Introduction: Complications following lumboperitoneal (LP) shunting have been reported in from 18 to 85% of cases. The need for multiple revision surgeries, incidence of iatrogenic Chiari malformation and frequent wound issues have prompted many to abandon this procedure or the treatment of IIH altogether. A direct comparison of the healthcare costs between first-choice LP versus ventriculoperitoneal (VP) shunting is presented.
Methods: The Nationwide Inpatient Sample database was queried for all patients with the diagnosis of benign intracranial hypertension (ICD-9-CM 348.2) from 2005-2009. This data was stratified by operative intervention with demographic and cost of hospitalization data generated for each.
Results: A weighted sample of 4480 patients were identified as having the diagnosis of IIH, with 2505 (55.9%) undergoing first-time VP shunting and 1754 (31.2%) undergoing initial LP shunting. Revision surgery occurred in 3.8% of admissions (n=98) for VP shunts and in 6.6% of admissions (n=123) for LP shunts (p<0.0001). Initial VP shunts were identified to occur at teaching institutions in 84.6% of cases, versus only 77.6% for LP shunts (p<0.0001). The incidence of shunt revision did not differ significantly based upon teaching status (p=0.3339). Hospital length of stay (LOS) differed significantly between primary VP (3 days) and primary LP shunt (4 days) procedures (p < 0.001). Mean total cost for revision or removal of a single LP shunt was $45,911.00, with a cumulative cost over the entire study period of $5,424,999, or $1,084,999 per year. VP shunt malfunction showed a mean total cost of $41,478.50 with a cumulative cost of $3,726,440 or $745,288 per year.
Conclusions: The presented results appear to call into question the selection of LP shunting as primary treatment for IIH, as this procedure is associated with significantly greater likelihood of need for revision and greater overall cost to the healthcare system.
Patient Care: -This investigation highlights the increased incidence of hardware complications following lumboperitoneal shunting in this particularly difficult to treat population, as well as the overall cost to the healthcare system.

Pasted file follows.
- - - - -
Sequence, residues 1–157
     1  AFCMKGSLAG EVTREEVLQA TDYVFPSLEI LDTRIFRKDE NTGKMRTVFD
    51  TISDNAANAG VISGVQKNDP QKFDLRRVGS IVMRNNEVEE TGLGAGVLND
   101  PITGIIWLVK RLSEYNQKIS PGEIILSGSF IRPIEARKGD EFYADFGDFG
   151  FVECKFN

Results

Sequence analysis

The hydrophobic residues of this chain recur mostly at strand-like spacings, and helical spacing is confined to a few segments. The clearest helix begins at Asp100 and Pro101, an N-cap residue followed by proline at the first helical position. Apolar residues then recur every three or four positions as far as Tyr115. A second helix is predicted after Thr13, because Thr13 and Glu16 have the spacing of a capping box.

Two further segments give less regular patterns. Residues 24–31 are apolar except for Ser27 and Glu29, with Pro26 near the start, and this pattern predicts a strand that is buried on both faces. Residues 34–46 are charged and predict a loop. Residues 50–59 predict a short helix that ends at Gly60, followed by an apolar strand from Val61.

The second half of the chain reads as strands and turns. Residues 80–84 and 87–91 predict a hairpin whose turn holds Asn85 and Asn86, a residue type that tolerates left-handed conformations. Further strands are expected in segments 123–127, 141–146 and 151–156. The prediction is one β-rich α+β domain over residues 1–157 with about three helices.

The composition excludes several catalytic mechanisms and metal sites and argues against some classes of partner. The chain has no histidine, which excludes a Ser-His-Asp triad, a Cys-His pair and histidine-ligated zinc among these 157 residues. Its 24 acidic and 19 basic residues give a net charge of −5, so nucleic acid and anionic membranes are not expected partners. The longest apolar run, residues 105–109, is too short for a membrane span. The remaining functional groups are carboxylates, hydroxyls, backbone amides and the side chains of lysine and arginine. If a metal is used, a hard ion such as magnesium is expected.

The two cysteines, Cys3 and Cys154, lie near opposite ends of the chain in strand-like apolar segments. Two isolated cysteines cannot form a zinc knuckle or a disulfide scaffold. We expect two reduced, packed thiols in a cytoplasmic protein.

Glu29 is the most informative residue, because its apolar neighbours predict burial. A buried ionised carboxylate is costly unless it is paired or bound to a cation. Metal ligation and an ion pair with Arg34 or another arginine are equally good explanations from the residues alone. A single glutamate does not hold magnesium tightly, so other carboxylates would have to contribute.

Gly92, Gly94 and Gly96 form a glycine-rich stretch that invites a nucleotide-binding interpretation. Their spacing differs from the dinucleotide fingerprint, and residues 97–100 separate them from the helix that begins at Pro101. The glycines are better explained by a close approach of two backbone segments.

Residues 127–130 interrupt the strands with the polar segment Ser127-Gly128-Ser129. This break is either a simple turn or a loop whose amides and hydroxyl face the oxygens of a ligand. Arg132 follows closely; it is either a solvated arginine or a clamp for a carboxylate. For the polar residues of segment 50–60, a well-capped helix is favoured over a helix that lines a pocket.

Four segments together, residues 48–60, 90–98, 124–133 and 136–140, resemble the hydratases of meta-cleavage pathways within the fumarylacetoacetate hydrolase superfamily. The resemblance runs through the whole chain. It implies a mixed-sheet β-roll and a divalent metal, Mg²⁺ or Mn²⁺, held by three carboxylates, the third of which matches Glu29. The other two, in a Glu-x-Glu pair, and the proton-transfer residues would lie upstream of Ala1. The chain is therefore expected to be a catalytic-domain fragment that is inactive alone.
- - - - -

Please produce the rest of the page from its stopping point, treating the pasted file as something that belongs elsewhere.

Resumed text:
-The conclusions drawn here could be applied by neurosurgeons making the choice of initial treatment strategy for Idiopathic Intracranial Hypertension.
Learning Objectives: By the conclusion of this session, participants should be able to:
1) Describe the healthcare cost implications involved in the most commonly selected surgical treatment options for Idiopathic Intracranial Hypertension.
2) Compare the incidence and cumulative impact of revision surgery for lumboperitoneal versus ventriculoperitoneal shunting procedures.
3) Discuss justifications for appropriate treatment decisions with patients based upon known risk factors and overall healthcare cost output.
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2. Karabatsou K, Quigley G, Buxton N, et al. Lumboperitoneal shunts: are the complications acceptable? Acta Neurochir 2004;146:1193–7.
3.Tarnaris A, Toma AK, Watkins LD, et al. Is there a difference in outcomes of patients with idiopathic intracranial hypertension with the choice of cerebrospinal fluid diversion site: a single centre experience. Clin Neurol Neurosurg 2011;113:477–9.
4.El-Saadany WF, Farhoud A, Zidan I. Lumboperitoneal shunt for idiopathic intracranial hypertension: patients’ selection and outcome. Neurosurg Rev 2012;35:239–243; discussion 243–244.